Green Taxes May Doom Britain’s Energy-Intensive Industry
Leading UK energy-intensive industries are set to miss out on tens of millions of pounds from a government scheme to compensate them for the impact of green taxes because of an EU state aid ruling.
The cement and lime, gypsum, glass and ceramics industries face losing their share of the £400m scheme to compensate high energy users for the cost of the carbon price floor, a British tax on electricity generated from fossil fuels.
Industry leaders warned that the ruling would undermine these sectors’ competitiveness and could put future investment plans at risk.
George Osborne, the chancellor, extended the planned compensation scheme to 2019-20 in the Budget, part of a package of measures aimed at saving a cumulative £7bn across the economy in lower energy costs.
Industries such as chemicals, steel and iron, paper and plastics are likely to get compensation, but a decision by the EU college of commissioners before Easter means other sectors are set to lose out.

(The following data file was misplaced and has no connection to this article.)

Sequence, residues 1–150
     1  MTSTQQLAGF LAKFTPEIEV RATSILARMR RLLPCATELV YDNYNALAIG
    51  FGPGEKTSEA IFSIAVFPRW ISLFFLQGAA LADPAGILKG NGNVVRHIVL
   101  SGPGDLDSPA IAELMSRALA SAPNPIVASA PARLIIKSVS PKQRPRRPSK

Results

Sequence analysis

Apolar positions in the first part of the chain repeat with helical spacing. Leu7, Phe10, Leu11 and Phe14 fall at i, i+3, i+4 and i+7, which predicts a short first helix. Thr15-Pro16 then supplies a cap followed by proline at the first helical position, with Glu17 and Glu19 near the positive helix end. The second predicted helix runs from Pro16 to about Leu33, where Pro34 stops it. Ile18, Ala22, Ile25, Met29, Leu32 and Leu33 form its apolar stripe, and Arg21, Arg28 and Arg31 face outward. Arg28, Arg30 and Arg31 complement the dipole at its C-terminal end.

The issue has arisen because the carbon price floor, introduced a year ago, acts as a top-up to the price set under the EU’s Emissions Trading Scheme. Mr Osborne’s compensation scheme is aimed at reimbursing up to four-fiifths of the cost of both the carbon price floor and the ETS for high energy users.
The Brussels commissioners ruled that only those sectors already listed as eligible for compensation under the ETS scheme could also receive compensation for the carbon price floor. British officials had been hoping to add other sectors.
The UK is considering its options, which could include going ahead with an application for companies in the excluded sectors to be approved despite the ruling, but the chances of success look slim.
The Mineral Products Association, a trade body, estimated that the ruling could cost the cement and lime sector alone up to £75m.
“This will significantly undermine competitiveness globally and specifically in Europe for the industries concerned, as no industries in Europe or elsewhere have to pay the equivalent of the UK carbon price floor,” said Jerry McLaughlin, the association’s director of economics and public affairs.